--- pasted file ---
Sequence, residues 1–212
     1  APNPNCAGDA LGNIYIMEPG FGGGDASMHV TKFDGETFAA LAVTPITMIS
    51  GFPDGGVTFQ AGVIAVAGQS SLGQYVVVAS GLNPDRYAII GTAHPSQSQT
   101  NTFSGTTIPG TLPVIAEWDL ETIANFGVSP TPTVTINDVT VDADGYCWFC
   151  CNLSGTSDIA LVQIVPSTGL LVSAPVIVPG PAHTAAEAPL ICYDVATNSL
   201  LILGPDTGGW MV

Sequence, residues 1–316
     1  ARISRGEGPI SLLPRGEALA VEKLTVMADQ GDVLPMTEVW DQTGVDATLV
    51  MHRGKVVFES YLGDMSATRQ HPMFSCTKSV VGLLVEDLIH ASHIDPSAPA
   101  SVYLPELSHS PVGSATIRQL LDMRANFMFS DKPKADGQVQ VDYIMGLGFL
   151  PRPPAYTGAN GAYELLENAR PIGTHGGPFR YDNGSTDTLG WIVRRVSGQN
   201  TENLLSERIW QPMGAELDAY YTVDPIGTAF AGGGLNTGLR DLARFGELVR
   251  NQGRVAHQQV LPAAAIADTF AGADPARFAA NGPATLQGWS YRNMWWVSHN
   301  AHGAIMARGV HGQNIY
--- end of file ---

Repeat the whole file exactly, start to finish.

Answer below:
Sequence, residues 1–212
     1  APNPNCAGDA LGNIYIMEPG FGGGDASMHV TKFDGETFAA LAVTPITMIS
    51  GFPDGGVTFQ AGVIAVAGQS SLGQYVVVAS GLNPDRYAII GTAHPSQSQT
   101  NTFSGTTIPG TLPVIAEWDL ETIANFGVSP TPTVTINDVT VDADGYCWFC
   151  CNLSGTSDIA LVQIVPSTGL LVSAPVIVPG PAHTAAEAPL ICYDVATNSL
   201  LILGPDTGGW MV

Sequence, residues 1–316
     1  ARISRGEGPI SLLPRGEALA VEKLTVMADQ GDVLPMTEVW DQTGVDATLV
    51  MHRGKVVFES YLGDMSATRQ HPMFSCTKSV VGLLVEDLIH ASHIDPSAPA
   101  SVYLPELSHS PVGSATIRQL LDMRANFMFS DKPKADGQVQ VDYIMGLGFL
   151  PRPPAYTGAN GAYELLENAR PIGTHGGPFR YDNGSTDTLG WIVRRVSGQN
   201  TENLLSERIW QPMGAELDAY YTVDPIGTAF AGGGLNTGLR DLARFGELVR
   251  NQGRVAHQQV LPAAAIADTF AGADPARFAA NGPATLQGWS YRNMWWVSHN
   301  AHGAIMARGV HGQNIY